Selling for the canine rehabilitation business owner

fee calculator selling Jun 26, 2023

In the world of canine rehabilitation, marketing is widely recognized as an essential aspect of attracting clients. However, the importance of selling our services is often overlooked. In this blog post, we delve into the concept of selling in canine rehabilitation and healthcare, shedding light on why it is crucial and exploring key considerations. We will also touch upon the fear of rejection, the value we offer, the transfer of energy and trust, and the importance of charging what we are worth. So, let's dive in and uncover the significance of selling in canine rehabilitation.

Why Selling Matters: When it comes to healthcare, selling is a concept that permeates every aspect of our lives—except when interacting directly with patients. But in reality, we are constantly engaged in selling and being sold to, even if not in monetary terms. However, once money enters the equation, emotions often cloud our judgment, hindering rational decision-making. We are conditioned to believe that our clinical skills and certifications are the sole determinants of success, while overlooking the fact that the public prioritizes outcomes over credentials. While being proficient in our field is important, the true value lies in utilizing our existing skills effectively rather than accumulating more. It's crucial to understand that selling is about helping people make informed decisions, always placing their best interests at the forefront.

The Fear of Rejection: One common reason we shy away from selling is the fear of rejection. It's not so much that we don't want to charge for our services, but rather the discomfort of discovering that potential clients may not be willing to pay for them. Rejection can lead to feelings of inferiority and defeat, triggering our instinct to avoid such situations. As healthcare professionals, we often find ourselves striving to be liked by our patients. However, it is essential to question whether being liked should be our ultimate goal, or if we would be better off focusing on earning respect and putting the best interests of our clients first. Selling should be viewed as something we do for people, not to people. If we allow our discomfort to hinder us from selling services that people genuinely need, whose interests are we truly serving?

Selling Value, Certainty, and Solutions: Contrary to popular belief, money is not the primary concern for most individuals. It is the fear of spending money without confidence in receiving a return on their investment. As canine rehabilitation professionals, we must understand that we are not merely selling physical therapy sessions; we are selling certainty. By reframing our mindset, we can demonstrate the value and worth of our services, showing clients that their investment is a solution to their problems. Since the outcomes of canine rehabilitation may not provide instant gratification or certainty, it becomes crucial to allocate more time for clients to make informed decisions. The initial phone call should focus on building relationships, actively listening, and understanding their needs. Selling, at its core, involves transferring energy, trust, confidence, and clarity. By embracing this role, we can convey our value more effectively.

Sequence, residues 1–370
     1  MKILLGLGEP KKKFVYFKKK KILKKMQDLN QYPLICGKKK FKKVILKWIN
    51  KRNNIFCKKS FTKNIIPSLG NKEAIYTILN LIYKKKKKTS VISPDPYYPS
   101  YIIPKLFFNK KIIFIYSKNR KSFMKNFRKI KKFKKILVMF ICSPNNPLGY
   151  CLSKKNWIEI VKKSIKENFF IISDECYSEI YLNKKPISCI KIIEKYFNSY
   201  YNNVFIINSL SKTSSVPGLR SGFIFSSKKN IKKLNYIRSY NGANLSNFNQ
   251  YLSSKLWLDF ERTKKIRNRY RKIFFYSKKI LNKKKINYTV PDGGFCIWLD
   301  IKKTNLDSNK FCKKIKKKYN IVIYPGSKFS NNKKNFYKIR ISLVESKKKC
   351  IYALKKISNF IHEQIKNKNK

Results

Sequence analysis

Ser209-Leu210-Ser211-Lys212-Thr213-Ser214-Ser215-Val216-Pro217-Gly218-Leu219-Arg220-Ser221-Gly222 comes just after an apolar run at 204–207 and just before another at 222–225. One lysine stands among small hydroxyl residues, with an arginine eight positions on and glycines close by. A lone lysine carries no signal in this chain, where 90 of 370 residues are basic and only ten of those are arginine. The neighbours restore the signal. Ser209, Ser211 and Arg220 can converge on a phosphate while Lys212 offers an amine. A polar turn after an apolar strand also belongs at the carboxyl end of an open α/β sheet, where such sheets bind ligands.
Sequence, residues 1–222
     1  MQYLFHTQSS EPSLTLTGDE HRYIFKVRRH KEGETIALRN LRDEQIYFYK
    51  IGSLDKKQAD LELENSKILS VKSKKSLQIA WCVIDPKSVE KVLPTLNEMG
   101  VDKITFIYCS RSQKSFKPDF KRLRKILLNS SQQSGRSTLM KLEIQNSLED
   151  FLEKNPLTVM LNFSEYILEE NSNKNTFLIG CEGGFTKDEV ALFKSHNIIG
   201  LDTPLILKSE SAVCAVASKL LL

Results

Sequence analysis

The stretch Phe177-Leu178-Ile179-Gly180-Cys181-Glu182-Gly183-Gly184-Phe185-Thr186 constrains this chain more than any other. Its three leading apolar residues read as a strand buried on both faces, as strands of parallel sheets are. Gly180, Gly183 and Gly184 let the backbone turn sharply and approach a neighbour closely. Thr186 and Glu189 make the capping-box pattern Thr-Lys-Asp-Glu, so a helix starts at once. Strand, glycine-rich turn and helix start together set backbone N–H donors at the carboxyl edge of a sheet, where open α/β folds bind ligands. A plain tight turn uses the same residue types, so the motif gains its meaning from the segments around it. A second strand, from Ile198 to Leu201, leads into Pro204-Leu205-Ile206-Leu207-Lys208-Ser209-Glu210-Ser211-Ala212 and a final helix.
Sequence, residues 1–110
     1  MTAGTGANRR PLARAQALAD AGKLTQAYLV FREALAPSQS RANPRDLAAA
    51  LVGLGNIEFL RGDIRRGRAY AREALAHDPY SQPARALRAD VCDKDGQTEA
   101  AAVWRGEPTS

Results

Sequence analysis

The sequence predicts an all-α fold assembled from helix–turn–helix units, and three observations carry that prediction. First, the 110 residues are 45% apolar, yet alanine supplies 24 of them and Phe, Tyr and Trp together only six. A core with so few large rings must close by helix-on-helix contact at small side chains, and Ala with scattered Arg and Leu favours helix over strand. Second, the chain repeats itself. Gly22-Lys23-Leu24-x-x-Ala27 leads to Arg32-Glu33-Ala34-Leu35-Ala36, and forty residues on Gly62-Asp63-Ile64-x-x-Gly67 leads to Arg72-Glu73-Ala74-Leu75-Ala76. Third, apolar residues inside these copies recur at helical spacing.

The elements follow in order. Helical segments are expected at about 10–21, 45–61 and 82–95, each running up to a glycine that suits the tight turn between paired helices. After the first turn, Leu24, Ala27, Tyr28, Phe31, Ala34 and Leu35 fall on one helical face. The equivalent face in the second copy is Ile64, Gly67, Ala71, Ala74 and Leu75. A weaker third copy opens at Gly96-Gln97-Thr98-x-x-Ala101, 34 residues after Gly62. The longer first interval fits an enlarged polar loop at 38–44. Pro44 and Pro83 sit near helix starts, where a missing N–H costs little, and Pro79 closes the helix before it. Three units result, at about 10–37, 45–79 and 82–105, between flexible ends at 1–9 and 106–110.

Overcoming Concerns and Charging What We're Worth: Concerns about what others think of us, especially our colleagues, can hinder our progress. However, it's important to remember that they don't pay our bills or share our goals and aspirations. Similarly, worrying about potential clients' reaction to being sold on our services should not deter us. If individuals have a problem with our business approach—genuinely trying to help them—the issue likely lies within themselves. It is perfectly acceptable to make money while helping others, including in the field of canine rehabilitation. Neglecting our own well-being in pursuit of serving everyone else will ultimately lead to burnout and dissatisfaction. If we are skilled and passionate about what we do, we have an ethical and moral obligation to charge higher prices, ensuring we can continue making a positive impact in the long run.

Conclusion: Selling in canine rehabilitation is an integral part of running a successful business and ensuring the fulfillment of our professional and personal goals. By recognizing the importance of selling alongside marketing, overcoming the fear of rejection, and embracing our role as providers of value and solutions, we can create a thriving practice that supports both our clients and ourselves. Remember, charging what we are worth is not only ethical but necessary for our long-term ability to make a meaningful difference in the field of canine rehabilitation.

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